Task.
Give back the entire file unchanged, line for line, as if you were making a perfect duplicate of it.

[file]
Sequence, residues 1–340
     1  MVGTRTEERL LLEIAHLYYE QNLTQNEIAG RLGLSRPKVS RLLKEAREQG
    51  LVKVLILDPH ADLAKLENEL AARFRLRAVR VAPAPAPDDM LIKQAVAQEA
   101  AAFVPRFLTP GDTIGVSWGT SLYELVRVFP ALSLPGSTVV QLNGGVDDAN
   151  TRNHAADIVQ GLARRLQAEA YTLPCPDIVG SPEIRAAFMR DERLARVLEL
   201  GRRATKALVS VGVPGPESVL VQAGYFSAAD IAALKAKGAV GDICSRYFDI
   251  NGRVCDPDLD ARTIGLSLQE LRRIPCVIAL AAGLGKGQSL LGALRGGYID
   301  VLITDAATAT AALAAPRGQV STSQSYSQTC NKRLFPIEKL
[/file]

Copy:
Sequence, residues 1–340
     1  MVGTRTEERL LLEIAHLYYE QNLTQNEIAG RLGLSRPKVS RLLKEAREQG
    51  LVKVLILDPH ADLAKLENEL AARFRLRAVR VAPAPAPDDM LIKQAVAQEA
   101  AAFVPRFLTP GDTIGVSWGT SLYELVRVFP ALSLPGSTVV QLNGGVDDAN
   151  TRNHAADIVQ GLARRLQAEA YTLPCPDIVG SPEIRAAFMR DERLARVLEL
   201  GRRATKALVS VGVPGPESVL VQAGYFSAAD IAALKAKGAV GDICSRYFDI
   251  NGRVCDPDLD ARTIGLSLQE LRRIPCVIAL AAGLGKGQSL LGALRGGYID
   301  VLITDAATAT AALAAPRGQV STSQSYSQTC NKRLFPIEKL